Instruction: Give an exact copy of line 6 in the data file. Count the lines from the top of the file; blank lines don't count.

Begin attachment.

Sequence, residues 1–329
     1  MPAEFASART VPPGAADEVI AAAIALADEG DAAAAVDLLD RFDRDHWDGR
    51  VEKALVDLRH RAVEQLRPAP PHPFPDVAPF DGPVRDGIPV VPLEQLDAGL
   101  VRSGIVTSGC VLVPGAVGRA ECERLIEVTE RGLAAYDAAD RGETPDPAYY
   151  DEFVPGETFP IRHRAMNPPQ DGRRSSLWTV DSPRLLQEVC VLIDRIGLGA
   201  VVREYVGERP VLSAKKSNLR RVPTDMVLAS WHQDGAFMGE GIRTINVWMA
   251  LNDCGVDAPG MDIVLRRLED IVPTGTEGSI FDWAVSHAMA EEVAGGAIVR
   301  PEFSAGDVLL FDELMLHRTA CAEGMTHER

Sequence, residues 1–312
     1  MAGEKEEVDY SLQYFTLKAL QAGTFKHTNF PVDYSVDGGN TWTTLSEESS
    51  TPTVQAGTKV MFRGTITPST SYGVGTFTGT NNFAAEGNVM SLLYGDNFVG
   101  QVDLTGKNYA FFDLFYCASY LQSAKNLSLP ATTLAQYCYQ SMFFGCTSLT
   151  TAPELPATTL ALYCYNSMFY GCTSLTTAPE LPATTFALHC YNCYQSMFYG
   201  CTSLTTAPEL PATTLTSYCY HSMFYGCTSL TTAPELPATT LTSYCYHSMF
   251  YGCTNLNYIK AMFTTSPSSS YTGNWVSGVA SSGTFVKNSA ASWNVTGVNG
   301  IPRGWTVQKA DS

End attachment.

   201  VVREYVGERP VLSAKKSNLR RVPTDMVLAS WHQDGAFMGE GIRTINVWMA